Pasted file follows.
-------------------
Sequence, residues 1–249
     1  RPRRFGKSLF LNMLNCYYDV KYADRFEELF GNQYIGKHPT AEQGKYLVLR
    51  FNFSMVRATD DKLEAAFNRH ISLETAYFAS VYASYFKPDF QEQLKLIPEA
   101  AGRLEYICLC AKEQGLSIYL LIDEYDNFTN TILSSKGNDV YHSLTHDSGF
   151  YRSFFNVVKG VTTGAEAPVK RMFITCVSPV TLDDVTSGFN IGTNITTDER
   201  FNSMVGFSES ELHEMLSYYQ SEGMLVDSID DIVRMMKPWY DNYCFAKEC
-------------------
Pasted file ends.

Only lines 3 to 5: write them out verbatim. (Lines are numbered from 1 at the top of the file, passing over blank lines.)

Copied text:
    51  FNFSMVRATD DKLEAAFNRH ISLETAYFAS VYASYFKPDF QEQLKLIPEA
   101  AGRLEYICLC AKEQGLSIYL LIDEYDNFTN TILSSKGNDV YHSLTHDSGF
   151  YRSFFNVVKG VTTGAEAPVK RMFITCVSPV TLDDVTSGFN IGTNITTDER